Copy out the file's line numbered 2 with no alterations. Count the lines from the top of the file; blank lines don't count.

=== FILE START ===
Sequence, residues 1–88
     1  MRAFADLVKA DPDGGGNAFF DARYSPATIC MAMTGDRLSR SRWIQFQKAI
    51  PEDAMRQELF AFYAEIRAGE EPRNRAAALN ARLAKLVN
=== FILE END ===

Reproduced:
     1  MRAFADLVKA DPDGGGNAFF DARYSPATIC MAMTGDRLSR SRWIQFQKAI